March 16 – Artichoke Hearts Day

I never got into artichokes as a kid. (Well, to be honest, I didn’t get much into any vegetable as a kid, unless it was covered in cheese sauce first, but that’s just kids for you.) My family were never been artichoke eaters, and so I hadn’t really had any until after college, when the buttery slices of the heart were served to me in a sea of spinach and cream, a dip that may or may not have come from an international chain restaurant whose name includes a day of the week. (I also just realized that includes more than one restaurant, ha.) I’m not particularly proud of that introduction to artichokes, not in the least, hahaha. But after that, artichoke hearts stole my heart: I tried out antipasto with quarters of those delicious hearts, started buying them myself (canned or jarred, I am NOT dealing with preparing them from the kit-and-caboodle, thank you!) and incorporating them into my own recipes. And, sometimes, I just eat them right out of the jar, they’re so tasty to me all by themselves.

Biologically speaking, the artichoke is a gigantic thistle, and has been cultivated throughout history for food, drink, and medical uses. Most of the plant is edible–the ancient Greeks used to eat the hardy leaves and flowers–but these days, we stick strictly to the heart of the artichoke, a light-tasting, tender center of the thistle surrounded by inedible hair-like thorns and the thick green leaves. It’s a pain to hack at a fresh artichoke to get to its center, but definitely worth the effort for the yummy heart! And cultures all around the world think so, too: everywhere from California to the Middle East to Italy uses artichokes in their cuisine, whether it’s sauteed, stuffed, or stewed. The artichoke complements a lot of dishes, holds up to a good amount of technique, and can also be used as its own vessel (if you’re particularly good at opening one up!), but as I said before, one of my favorite ways to have artichoke hearts is straight out of the jar brine–some things are just too delicious to hide in a recipe!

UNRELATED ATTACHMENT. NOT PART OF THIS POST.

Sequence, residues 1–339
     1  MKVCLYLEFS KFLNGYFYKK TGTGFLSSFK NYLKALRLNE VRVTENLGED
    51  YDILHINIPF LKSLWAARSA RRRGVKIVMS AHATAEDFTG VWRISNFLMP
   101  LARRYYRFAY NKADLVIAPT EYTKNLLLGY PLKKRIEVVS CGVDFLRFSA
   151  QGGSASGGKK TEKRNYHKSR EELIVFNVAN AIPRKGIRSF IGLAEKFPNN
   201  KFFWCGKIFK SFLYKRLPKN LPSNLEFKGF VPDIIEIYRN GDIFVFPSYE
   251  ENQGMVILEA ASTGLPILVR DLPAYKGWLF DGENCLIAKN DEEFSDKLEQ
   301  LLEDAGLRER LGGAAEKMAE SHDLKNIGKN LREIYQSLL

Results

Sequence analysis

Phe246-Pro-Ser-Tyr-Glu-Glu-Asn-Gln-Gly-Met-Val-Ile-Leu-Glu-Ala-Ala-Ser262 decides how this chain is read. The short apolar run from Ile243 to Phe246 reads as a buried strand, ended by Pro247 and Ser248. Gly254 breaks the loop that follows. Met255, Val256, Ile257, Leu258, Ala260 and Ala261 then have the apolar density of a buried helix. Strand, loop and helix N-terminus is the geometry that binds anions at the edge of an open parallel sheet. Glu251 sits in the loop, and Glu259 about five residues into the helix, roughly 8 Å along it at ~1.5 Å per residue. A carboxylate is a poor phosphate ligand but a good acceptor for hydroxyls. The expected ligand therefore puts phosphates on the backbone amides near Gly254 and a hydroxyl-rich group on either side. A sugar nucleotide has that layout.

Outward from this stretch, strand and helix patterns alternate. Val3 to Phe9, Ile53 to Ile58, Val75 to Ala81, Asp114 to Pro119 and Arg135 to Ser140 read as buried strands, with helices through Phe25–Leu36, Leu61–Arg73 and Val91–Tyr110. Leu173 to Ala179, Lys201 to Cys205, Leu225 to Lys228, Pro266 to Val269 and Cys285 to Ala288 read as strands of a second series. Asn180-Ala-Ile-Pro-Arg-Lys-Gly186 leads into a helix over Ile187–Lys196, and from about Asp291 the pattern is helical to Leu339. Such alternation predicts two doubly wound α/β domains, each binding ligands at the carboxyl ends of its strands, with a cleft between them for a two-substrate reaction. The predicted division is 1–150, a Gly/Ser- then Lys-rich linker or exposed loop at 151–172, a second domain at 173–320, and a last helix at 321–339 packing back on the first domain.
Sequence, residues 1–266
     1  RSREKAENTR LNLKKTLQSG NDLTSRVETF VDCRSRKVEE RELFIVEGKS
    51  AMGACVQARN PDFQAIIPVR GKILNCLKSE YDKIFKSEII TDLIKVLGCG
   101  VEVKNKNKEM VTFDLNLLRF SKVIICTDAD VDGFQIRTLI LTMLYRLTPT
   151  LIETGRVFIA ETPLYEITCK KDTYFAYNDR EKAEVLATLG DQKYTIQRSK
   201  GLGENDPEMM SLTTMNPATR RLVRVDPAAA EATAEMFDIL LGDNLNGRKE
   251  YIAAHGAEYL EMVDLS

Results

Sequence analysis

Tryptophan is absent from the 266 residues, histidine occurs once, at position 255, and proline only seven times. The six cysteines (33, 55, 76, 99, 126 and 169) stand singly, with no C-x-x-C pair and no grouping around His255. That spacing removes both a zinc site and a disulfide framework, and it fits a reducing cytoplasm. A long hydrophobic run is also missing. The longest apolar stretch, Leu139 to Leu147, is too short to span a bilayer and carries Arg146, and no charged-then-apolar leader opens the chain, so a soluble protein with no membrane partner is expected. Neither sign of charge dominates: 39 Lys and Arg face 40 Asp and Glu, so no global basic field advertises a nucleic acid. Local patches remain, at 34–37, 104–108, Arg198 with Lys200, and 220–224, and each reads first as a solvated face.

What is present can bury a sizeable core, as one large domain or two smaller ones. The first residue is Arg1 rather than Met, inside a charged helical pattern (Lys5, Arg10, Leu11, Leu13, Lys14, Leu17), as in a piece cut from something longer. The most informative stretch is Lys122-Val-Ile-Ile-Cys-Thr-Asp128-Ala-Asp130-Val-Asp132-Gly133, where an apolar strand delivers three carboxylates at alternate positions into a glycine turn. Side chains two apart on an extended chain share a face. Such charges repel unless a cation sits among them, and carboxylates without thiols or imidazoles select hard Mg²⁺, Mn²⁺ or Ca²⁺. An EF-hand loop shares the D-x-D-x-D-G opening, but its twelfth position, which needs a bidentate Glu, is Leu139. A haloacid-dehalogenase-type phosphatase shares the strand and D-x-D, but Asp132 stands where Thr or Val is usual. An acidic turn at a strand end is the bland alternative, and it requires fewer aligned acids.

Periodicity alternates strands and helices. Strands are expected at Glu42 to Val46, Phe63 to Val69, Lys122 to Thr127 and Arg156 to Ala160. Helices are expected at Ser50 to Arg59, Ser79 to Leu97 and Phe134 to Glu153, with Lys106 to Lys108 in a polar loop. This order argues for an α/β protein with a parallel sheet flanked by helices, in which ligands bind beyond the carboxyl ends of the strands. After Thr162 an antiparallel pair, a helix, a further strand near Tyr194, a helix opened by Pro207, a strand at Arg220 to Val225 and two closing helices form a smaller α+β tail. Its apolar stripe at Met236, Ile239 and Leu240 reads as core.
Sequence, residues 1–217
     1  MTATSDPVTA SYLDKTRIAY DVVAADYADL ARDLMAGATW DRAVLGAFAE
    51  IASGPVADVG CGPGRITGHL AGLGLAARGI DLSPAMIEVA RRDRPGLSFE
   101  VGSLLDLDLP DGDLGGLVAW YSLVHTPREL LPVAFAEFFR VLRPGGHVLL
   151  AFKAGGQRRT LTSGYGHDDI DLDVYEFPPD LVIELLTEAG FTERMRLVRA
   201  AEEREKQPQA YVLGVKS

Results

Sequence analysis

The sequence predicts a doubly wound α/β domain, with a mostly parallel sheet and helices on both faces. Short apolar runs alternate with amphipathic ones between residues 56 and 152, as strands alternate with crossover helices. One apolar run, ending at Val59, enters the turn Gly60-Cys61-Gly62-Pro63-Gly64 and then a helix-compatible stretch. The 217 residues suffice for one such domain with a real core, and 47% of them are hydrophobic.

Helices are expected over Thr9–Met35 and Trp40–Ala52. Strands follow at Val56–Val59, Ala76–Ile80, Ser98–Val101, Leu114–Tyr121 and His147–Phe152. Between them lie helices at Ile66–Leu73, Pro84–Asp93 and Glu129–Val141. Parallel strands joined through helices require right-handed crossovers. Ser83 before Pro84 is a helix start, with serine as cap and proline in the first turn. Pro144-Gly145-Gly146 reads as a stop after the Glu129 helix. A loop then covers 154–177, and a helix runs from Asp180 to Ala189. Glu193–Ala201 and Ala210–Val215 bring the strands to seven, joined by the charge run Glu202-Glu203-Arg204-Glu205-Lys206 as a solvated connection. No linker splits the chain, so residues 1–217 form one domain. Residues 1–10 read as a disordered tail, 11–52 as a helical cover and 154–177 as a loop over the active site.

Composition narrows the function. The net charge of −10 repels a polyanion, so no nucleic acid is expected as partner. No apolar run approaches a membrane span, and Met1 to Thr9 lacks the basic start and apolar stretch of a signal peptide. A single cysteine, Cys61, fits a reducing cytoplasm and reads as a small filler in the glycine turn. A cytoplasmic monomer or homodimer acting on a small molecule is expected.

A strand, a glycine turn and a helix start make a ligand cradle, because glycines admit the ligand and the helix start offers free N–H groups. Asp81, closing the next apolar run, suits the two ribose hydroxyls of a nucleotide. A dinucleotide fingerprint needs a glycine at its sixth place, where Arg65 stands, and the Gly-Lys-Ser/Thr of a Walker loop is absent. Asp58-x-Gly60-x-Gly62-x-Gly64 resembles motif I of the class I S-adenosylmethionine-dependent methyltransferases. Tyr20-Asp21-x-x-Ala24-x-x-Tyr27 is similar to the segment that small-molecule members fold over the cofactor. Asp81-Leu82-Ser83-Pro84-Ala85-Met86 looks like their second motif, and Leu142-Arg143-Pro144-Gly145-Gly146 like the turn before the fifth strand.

One restaurant in New York knows exactly how to highlight the artichoke heart but still make it an exemplary dish fit for the dining columns: Westville and Westville East (gotta love the oxymoronic name), two comfort-food homes in the West and East Villages respectively, serve an appetizer that will make anyone fall in love with the artichoke. Alongside their comfort food staples like BLTs and burgers, however, are market-fresh vegetable dishes that change daily, so you know they are always as close to farm-to-table as a Manhattan diner can promise. Their artichoke hearts are served with a sprinkling of Parmesan cheese to give it an extra kick, the melted cheese allowing the smooth, buttery texture of the artichoke hearts to shine. This is the perfect spot to celebrate the artichoke heart on this day, and with the great selection of both veggie and meat dishes, a big group of carnivores and herbivores alike can all sit at the table and enjoy!

Westville
210 W 10th St (between 4th St & Bleecker St)

Westville East
173 Ave A


westvillenyc.com

“The vegetables typically change with the seasons, so they are always fresh. The fresh market vegetables are prepared in a way that makes you want to eat all your kale. Here are the top three market vegetable recommendations that never fail to please: beets with warm goat cheese, sauteed kale with shallots and white wine and artichoke hearts with parmesan.”–Examiner

“The daily roster of fresh veggies, done in reverent and creative ways, is impressive, and the platter, which allows you to pick any four, is the way to go. On a recent afternoon the selection included cauliflower with mustard sauce, artichoke hearts parmesan, beets with walnuts, and garlic mashed potatoes, enough for two hungry people.”–VoicePlaces.com